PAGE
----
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Savouring Singapore: 5 Elusive Singapore Food to Try

Good food, exotic cuisine and innovative gastronomic experiences aren't hard to find in food paradise Singapore, but when it comes to authentic food born from traditional practices during the era of Singapore’s forefathers, it’s like finding a needle in a haystack. As waves of progress and globalisation hit our shores, so come an influx of external influence which give rise to new conventions that unavoidably threaten the old. With food so inextricably linked to Singapore’s identity, it is only ethical for us to reveal to you the very delicacies that played a role in supporting Singapore’s food culture in the past, and which are increasingly being sacrificed to make way for the new in the present.

Here, we’ve handpicked a few special treats that have left a mark in Singapore’s cultural history to tickle your palate and offer you a taste of lion city’s past.

Putu Mayam

Putu Mayam is a bee hoon (thin rice flour noodle) hopper snack that originates from South India. This snack was traditionally prepared by hand, steamed and paired with sweet toppings such as desiccated coconut and gula Melaka (palm sugar), and served on a cut banana leaf. An interesting combination of slightly savoury string hopper and sweet toppings make this dish a flavourful number. This explains why this dish is sometimes served on Indian festive occasions like Deepavali and Indian weddings. In the marketplace however, authentic hand-made Putu Mayam is progressively becoming a dish of Singapore’s wistful past.

A glimpse into the history of this dish: In the late 1920s to 1930s, Putu Mayam was peddled by itinerant South Indian vendors who rode around on bicycles while balancing the dish in a basket on their heads.


Ghim Moh food centre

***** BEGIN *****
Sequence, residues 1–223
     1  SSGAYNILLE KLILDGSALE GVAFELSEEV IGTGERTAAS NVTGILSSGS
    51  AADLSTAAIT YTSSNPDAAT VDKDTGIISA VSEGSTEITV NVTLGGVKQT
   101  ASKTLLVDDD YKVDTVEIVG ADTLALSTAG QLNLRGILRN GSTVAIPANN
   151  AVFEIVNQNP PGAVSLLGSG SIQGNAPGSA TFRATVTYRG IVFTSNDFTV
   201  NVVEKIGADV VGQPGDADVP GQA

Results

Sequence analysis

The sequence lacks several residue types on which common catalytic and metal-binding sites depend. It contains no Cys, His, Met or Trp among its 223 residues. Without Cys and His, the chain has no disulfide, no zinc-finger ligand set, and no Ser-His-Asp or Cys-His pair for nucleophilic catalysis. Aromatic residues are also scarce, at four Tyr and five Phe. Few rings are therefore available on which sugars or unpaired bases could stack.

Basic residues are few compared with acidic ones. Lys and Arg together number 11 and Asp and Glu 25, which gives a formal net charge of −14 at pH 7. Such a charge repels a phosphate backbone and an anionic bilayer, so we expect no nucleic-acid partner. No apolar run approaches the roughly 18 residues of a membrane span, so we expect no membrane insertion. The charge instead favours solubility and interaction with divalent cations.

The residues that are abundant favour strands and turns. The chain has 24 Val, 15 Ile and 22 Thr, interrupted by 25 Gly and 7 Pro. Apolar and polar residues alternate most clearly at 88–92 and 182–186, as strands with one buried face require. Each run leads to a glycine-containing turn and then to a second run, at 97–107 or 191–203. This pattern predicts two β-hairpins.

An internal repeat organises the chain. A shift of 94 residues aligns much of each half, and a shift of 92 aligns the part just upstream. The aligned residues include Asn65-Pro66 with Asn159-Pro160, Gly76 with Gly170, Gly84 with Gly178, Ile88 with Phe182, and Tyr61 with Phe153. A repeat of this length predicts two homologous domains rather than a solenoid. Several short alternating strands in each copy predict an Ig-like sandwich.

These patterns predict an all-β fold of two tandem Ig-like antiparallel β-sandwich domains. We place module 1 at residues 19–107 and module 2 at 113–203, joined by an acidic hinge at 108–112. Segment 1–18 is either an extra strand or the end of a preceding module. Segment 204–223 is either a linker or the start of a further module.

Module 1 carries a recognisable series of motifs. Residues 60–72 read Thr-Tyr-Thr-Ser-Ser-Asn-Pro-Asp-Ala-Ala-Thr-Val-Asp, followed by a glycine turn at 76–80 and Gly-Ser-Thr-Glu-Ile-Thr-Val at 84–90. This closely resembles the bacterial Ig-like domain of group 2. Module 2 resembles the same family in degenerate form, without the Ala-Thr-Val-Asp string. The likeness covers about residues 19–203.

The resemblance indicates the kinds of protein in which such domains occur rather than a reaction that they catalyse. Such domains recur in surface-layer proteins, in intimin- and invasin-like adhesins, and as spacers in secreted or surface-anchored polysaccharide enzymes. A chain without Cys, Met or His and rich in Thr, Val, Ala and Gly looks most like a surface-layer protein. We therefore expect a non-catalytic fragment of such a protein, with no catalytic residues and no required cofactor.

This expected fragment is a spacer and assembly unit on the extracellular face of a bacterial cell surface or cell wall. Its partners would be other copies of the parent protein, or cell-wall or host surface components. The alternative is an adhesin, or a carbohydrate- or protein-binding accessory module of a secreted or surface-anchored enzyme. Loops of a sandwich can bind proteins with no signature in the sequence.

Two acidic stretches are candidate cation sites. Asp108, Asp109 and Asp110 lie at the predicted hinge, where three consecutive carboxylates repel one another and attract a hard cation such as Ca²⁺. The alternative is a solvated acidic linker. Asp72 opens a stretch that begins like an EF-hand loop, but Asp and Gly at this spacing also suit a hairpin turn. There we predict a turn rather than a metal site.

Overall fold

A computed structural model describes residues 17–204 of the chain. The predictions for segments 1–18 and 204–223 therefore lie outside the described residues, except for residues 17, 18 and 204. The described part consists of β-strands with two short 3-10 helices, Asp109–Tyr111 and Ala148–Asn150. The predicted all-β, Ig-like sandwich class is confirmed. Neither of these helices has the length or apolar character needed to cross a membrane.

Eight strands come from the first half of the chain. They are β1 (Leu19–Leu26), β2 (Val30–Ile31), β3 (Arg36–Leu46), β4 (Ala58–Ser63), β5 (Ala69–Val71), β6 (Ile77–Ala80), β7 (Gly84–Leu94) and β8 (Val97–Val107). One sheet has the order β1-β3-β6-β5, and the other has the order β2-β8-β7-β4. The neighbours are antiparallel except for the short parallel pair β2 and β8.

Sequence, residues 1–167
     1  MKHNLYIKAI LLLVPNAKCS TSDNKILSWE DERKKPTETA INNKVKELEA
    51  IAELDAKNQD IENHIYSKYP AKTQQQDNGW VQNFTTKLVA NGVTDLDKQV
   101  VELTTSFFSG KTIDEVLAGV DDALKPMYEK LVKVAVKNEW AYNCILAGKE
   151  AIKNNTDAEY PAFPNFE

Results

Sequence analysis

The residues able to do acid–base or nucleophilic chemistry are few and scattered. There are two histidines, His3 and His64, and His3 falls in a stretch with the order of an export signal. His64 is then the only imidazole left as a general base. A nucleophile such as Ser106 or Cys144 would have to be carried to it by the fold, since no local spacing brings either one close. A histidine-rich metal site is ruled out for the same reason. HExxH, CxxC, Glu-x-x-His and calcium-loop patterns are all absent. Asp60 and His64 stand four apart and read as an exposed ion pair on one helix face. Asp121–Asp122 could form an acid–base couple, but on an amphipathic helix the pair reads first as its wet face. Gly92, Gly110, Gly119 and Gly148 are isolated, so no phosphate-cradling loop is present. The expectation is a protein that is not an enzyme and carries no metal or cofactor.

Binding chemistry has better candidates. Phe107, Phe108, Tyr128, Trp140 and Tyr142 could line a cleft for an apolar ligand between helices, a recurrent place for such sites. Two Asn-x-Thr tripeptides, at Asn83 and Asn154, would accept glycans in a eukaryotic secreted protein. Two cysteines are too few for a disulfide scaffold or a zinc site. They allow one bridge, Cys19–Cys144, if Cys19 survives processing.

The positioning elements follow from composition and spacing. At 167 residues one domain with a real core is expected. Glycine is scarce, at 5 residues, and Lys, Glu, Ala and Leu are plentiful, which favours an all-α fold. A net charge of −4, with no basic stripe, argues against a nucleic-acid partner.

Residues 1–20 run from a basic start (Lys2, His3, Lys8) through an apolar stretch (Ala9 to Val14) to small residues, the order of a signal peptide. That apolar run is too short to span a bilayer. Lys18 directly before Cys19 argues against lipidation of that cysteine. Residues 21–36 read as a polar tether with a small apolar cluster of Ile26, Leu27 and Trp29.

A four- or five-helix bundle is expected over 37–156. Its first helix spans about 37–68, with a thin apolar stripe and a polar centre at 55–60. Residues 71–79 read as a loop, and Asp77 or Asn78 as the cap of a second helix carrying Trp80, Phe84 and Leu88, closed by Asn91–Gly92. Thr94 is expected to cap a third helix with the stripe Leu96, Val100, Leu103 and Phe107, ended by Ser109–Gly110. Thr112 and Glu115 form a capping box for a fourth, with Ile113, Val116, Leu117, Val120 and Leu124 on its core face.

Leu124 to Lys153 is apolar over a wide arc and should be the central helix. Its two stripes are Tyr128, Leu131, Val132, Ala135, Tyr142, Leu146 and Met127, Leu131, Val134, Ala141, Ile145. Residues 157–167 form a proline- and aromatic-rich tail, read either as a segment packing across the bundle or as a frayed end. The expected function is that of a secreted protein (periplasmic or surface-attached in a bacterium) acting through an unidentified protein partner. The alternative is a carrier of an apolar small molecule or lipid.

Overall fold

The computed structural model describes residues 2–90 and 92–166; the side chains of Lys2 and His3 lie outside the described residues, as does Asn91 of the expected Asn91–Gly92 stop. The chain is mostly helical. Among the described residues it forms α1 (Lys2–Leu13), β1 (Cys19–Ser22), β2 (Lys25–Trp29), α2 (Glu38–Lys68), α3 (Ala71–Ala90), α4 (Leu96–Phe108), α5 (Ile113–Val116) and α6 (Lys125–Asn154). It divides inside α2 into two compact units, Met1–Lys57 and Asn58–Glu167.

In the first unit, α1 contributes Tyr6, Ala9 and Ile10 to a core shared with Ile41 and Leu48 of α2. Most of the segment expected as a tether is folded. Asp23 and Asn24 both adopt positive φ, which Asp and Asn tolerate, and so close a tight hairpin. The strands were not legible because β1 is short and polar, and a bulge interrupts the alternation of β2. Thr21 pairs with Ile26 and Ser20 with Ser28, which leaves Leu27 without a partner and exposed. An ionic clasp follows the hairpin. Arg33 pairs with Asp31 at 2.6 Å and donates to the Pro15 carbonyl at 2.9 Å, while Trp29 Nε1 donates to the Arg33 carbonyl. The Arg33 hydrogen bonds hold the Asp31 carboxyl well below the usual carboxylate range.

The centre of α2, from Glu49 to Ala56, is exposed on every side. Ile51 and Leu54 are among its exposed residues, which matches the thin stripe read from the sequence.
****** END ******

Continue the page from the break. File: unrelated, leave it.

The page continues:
Tue–Sun, 6am–1.30pm

For updates: Facebook Page

Kueh Bong Kong

A dish of rice cakes wrapped in banana leaves, this sweet Peranakan delicacy looks a tad similar to the oh-so-common triangular rice dumplings often seen in shopping malls. The Kueh Bong Kong however, is rare as a gem. Made with fragrant gula Melaka, this rice cake slides satisfyingly into one’s mouth, manifesting its smooth and silky texture – somewhat like chilled pudding or bean curd with a pleasant hint of coconut milk and fragrance of banana leaves.

Glory Catering

139 East Coast Road, Singapore 428829 | Tel: +65 6344 1749

Website: www.glorycatering.com.sg

Satay Bee Hoon

Satay Bee Hoon is a dish of rice vermicelli with piquant chilli-based peanut sauce. This invention by immigrants of the Teochew dialect is a fusion dish of two cultures – Chinese and Malay. As part of its name suggests, this dish has its origins in Satay (Malay for “skewered BBQ meat”) sauce, albeit enhanced with various seafood and vegetables to balance the texture and lightness of Chinese Bee Hoon (rice vermicelli).

Fengshan Satay Bee Hoon

Fengshan Market & Food Centre, Blk 85 Bedok North St. 4, Singapore 460085

Mon–Sun, 5pm–12am

Ham Jim Peng

Contrary to what its name suggests, Ham Jim Peng contains absolutely no ham. This snack literally means “salty fried bread” in the Cantonese dialect. Somewhat like savoury doughnuts teemed with bean paste, this deep-fried fritter was indeed the doughnut of the time, hawked by humble roadside vendors. While you may still be able to find these at certain food courts around Singapore, if you are one to appreciate more culturally-authentic food experiences, Rochor Beancurd House is the place to go.

Rochor Beancurd House

232 Upper Thomson Road, Singapore 574363 | Tel:+65 8228 7020

Dragon Beard Candy

Bearing a resemblance to the beard of Dragons in Chinese folklore, the Dragon Beard Candy is a dessert made of finely threaded malt and peanuts. According to a seasoned candy maker, authentic Dragon Beard Candy should always dissolve slowly in your mouth and not require you to move a single muscle for chewing. While this candy used to be wildly popular in Singapore during the early 1980s to 1990s, the art of Dragon Beard Candy making is believed to have originated at least two thousand years before in Han Dynasty China. It is also said that this silky confection was a delicacy savoured only by emperors and few were the men chosen to learn its art. Given the handful of skilled Dragon Beard Candy makers around, such royal suggestions sure seem plausible.

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04 Jan 2018
Maxine Loh